What Is Form 4952: Investment Interest Expense Deduction?
Form 4952: Investment Interest Expense Deduction is a tax form distributed by the Internal Revenue Service (IRS) used to determine the amount of investment interest expense that can be deducted, as well as any interest expense that can be carried forward to a future tax year.
The IRS has different rules taxpayers must follow depending on where the interest comes from and whether it is investment, personal, business, or mortgage-related. If an investor pays or accrues interest on a loan and then uses the proceeds for several different purposes, the taxpayer may have to allocate the interest to ensure that the right interest rule is used.
- IRS Form 4952 determines the amount of deductible investment interest expense as well as interest expense that can be carried forward.
- The form must be filed by individuals, estates, or trusts seeking a deduction for investment interest expenses.
- Certain expenses cannot be deducted such as home mortgage interest and qualified dividends.
Who Can File Form 4952: Investment Interest Expense Deduction?
Form 4952: Investment Interest Expense Deduction must be filed by individuals, estates, or trusts seeking a deduction for investment interest expenses. That means if you borrow money for an investment, you may be able to get a tax break. You can claim the interest on the investment as a deduction. Interest income may result from money borrowed specifically to purchase investments like parcels of land, commercial or residential investment properties, stocks, and non-tax-exempt bonds.
How to File Form 4952: Investment Interest Expense Deduction
There are three parts to Form 4952:
- Part I: Total Investment Interest Expense. Here, the taxpayer calculates the total investment interest expense.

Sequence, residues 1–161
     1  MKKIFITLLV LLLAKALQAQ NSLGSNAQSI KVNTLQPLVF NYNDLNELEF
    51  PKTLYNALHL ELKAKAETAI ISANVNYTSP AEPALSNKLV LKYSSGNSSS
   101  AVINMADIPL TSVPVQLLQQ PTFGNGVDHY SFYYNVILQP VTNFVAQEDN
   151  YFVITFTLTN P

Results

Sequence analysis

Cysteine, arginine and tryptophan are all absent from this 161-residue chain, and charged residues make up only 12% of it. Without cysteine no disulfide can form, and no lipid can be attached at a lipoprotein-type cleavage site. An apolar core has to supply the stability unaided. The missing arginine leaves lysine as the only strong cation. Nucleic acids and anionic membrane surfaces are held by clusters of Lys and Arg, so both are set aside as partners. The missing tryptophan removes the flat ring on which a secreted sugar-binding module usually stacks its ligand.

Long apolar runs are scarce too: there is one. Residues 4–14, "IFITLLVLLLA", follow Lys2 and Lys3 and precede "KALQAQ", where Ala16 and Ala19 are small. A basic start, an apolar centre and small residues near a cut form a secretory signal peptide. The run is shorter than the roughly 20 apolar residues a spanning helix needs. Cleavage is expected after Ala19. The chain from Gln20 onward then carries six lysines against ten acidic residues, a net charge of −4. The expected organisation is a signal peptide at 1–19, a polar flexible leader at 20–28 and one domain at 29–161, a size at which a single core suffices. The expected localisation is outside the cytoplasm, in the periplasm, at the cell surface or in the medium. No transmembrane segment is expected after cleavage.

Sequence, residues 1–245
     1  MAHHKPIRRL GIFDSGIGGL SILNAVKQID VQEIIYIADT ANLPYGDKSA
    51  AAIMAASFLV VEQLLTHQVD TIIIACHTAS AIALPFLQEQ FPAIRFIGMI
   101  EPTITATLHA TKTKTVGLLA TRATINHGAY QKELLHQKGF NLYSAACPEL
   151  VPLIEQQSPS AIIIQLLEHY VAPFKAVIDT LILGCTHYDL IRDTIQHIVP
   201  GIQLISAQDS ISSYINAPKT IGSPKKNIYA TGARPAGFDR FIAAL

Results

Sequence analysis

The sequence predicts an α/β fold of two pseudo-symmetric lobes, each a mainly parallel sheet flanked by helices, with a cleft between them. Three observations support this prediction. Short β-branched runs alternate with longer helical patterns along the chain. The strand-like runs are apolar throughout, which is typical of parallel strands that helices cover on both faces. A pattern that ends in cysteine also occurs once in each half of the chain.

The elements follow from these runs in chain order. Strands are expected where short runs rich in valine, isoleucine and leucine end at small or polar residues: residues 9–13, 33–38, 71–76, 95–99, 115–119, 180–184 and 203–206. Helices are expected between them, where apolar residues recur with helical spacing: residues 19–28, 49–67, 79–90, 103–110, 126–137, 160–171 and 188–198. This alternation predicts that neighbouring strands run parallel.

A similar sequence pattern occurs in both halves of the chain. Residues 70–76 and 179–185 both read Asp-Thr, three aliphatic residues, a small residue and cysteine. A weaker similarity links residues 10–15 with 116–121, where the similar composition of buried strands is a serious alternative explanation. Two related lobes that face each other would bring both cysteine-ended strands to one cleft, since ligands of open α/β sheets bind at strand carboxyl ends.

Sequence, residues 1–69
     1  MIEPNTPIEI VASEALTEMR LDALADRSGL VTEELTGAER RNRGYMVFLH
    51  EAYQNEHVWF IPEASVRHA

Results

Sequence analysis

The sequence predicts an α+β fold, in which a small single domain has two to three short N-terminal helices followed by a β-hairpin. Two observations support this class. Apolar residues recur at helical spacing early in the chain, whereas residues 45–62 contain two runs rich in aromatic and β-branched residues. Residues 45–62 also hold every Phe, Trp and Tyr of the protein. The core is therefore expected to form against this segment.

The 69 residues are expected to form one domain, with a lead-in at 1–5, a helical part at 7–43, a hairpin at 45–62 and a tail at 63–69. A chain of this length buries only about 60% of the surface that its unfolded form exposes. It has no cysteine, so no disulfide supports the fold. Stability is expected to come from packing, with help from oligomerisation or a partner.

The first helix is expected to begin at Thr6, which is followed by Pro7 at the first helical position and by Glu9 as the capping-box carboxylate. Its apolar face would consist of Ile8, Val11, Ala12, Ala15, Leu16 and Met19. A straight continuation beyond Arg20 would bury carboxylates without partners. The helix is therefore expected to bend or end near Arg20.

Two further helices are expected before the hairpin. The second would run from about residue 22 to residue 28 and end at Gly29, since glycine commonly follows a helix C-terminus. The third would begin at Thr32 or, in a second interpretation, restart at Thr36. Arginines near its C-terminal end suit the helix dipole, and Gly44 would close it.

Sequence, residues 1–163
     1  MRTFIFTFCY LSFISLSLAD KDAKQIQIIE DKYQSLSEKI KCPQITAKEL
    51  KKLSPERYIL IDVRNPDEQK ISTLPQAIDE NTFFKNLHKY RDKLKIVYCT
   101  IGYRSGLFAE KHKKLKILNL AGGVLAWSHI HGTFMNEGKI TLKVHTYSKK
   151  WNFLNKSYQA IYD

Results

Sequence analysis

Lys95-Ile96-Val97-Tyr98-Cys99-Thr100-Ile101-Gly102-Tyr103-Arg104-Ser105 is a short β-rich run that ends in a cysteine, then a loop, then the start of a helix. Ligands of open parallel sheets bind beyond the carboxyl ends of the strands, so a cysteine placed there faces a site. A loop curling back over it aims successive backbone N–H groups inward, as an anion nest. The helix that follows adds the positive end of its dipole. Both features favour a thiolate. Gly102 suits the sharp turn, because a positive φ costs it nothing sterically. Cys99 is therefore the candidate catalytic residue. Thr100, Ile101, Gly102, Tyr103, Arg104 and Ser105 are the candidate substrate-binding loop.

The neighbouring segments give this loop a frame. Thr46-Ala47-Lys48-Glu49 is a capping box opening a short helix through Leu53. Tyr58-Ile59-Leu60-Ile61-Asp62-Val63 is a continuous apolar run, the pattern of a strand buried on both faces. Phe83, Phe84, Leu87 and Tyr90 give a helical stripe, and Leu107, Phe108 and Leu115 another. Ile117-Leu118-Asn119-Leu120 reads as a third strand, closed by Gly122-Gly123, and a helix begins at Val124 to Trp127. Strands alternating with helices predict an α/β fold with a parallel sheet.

- Part II: Net Investment Interest. This figure is calculated after adjustments are made following the input of your gross income from property held for investment.
- Part III: Investment Interest Expense Deduction. Here, you calculate any disallowed expense that can be carried forward to future years, and you figure out the current year's net investment interest expense deduction
The final figure from Part III is transferred to line 9 of Schedule A.
Form 4952 is available on the IRS webpage.
The IRS limits the investment interest expense deduction to the taxpayer's net income from an investment.
Exceptions That Don't Qualify for Form 4952: Investment Interest Expense Deduction
According to the IRS, the following instances serve as exceptions to filing the form:
- If the investment interest expense is less than your investment income from interest and ordinary dividends minus any qualified dividends.
- If you don't have any other deductible investment expense.
- There is no carryover of disallowed investment interest expense from the previous year.
In addition, the following investments do not qualify:
- Home mortgage interest.
- Interest used to generate tax-exempt income such as a municipal bond.
- Interest expenses that are properly allocable to passive activities. The IRS defines these as rental activities or any businesses in which taxpayers do not materially participate.
- Qualified dividends or long-term capital gains. Taxpayers are already receiving tax breaks on these items, which are taxed at rates lower rates than most other income.